Pro: Fair For All Vehicles

Currently, electric vehicles and fuel-efficient vehicles pay little to nothing into the Highway Trust Fund since they do not use as much gas as other vehicles. However, they do still use the roads and should still have to pay for them. Charging based on miles driven is fair to everyone since it considers drivers’ usage of the road they are funding. Drivers who use the road more and cause more wear will pay more towards its maintenance and repair. 

Cons: Privacy Concerns

As with any new technology like this, one of the major concerns people have is their privacy. Tracking what a driver is doing in their car can seem invasive, and many people do not want that kind of government involvement. However, policymakers who have implemented the practice are addressing this issue. For example, they have programmed the software not to track exact location or exact times. They have also limited access to the data and destroy the data after 30 days.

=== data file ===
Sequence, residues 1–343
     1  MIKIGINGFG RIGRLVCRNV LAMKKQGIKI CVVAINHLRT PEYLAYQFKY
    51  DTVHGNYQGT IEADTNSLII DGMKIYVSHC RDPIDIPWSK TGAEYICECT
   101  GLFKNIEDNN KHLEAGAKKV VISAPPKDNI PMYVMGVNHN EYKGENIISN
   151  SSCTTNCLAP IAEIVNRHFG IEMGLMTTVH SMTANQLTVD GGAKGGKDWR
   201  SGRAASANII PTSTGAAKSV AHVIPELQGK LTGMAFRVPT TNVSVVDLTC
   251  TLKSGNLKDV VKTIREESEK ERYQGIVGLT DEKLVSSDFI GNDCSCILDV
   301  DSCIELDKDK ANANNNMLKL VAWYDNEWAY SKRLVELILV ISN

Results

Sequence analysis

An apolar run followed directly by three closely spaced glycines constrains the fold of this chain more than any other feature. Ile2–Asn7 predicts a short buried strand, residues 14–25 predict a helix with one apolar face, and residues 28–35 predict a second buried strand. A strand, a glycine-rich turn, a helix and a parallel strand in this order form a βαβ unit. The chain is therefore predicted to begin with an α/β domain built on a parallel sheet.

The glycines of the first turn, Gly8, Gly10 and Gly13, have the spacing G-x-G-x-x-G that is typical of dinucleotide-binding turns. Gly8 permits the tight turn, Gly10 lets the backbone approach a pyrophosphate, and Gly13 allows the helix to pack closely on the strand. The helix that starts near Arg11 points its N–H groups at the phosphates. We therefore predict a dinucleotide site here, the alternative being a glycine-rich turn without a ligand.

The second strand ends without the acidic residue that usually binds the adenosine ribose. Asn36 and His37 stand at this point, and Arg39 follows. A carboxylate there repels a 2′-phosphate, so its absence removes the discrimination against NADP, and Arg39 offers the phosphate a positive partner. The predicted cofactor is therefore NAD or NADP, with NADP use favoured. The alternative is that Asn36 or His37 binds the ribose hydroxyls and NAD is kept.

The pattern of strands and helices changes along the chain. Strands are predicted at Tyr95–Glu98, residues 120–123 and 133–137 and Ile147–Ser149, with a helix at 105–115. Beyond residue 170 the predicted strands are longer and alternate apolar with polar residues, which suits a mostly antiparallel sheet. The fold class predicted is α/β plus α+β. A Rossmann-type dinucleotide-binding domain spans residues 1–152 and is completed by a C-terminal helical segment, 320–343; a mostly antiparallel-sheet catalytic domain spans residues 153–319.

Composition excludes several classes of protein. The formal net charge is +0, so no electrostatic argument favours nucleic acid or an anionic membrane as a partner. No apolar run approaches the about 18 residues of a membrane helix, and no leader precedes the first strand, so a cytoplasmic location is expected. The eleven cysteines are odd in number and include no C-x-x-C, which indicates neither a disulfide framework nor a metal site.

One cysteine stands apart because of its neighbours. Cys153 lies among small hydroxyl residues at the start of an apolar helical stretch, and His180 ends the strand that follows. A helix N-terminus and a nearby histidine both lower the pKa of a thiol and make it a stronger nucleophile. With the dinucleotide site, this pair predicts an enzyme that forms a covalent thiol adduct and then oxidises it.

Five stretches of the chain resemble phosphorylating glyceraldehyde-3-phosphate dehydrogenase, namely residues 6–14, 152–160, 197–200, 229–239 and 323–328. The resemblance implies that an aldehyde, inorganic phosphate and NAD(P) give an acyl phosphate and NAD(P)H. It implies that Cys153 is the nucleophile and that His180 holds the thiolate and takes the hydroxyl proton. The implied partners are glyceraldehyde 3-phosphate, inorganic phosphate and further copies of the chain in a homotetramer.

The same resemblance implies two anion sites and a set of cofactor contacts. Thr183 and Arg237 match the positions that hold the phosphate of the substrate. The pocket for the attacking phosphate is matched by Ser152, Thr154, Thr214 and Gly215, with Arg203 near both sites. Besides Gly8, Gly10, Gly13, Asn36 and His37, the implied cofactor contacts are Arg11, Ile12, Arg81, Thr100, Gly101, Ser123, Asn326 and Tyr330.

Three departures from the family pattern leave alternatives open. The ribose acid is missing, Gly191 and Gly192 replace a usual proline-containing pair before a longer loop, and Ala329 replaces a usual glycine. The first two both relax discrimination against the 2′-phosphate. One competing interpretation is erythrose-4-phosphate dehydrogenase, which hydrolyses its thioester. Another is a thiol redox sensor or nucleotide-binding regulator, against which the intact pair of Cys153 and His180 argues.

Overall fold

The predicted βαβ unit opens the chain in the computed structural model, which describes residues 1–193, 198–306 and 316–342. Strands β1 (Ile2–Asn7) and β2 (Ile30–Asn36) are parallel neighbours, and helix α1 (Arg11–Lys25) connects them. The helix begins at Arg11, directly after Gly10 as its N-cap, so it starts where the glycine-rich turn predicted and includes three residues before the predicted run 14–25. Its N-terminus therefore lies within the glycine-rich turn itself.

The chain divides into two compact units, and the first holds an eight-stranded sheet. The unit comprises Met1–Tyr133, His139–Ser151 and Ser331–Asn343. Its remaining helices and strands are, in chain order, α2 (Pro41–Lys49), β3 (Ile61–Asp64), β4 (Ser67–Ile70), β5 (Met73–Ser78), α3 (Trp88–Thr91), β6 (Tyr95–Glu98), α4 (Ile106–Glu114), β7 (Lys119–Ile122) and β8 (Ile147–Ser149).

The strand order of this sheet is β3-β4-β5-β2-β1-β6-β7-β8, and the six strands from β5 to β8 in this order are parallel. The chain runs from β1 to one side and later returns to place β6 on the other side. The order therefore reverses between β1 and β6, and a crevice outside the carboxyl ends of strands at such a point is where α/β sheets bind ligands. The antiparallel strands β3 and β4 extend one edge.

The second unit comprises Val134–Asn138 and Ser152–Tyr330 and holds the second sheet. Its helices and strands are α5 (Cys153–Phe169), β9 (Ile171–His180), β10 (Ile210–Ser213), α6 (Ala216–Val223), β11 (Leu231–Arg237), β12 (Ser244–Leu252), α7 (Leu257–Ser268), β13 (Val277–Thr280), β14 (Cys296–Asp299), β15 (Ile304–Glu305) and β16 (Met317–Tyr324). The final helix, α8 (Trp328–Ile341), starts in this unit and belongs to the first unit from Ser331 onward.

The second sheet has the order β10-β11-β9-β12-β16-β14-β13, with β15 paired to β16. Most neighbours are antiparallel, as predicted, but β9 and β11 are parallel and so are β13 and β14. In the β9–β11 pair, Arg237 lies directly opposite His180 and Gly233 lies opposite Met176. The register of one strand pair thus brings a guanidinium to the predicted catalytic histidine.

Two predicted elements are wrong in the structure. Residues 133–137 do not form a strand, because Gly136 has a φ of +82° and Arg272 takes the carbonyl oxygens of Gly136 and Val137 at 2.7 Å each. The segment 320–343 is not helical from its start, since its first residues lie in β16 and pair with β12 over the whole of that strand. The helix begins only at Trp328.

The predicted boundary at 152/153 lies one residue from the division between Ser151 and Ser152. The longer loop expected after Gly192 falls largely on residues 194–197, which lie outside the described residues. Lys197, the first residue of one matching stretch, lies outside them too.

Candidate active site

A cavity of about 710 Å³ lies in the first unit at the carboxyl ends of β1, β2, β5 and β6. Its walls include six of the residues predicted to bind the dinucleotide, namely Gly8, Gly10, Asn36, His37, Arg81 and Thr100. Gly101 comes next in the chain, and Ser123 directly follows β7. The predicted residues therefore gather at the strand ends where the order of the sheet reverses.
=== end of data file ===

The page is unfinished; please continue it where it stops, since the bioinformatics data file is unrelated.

Pro: RUC Costs About the Same as the Gas Tax

For most drivers, there will not be a significant difference in money spent on roads and highways. In Kauai’s consideration of road usage fees, they found that the average driver pays $75 annually in gas taxes. In comparison, they would also pay about $75 annually on the proposed road usage charge. This finding is excellent news because it means governments can fund infrastructure with no extra burden on the taxpayers. 

Con: Punishing Drivers for Purchasing Fuel-Efficient or Electric Vehicles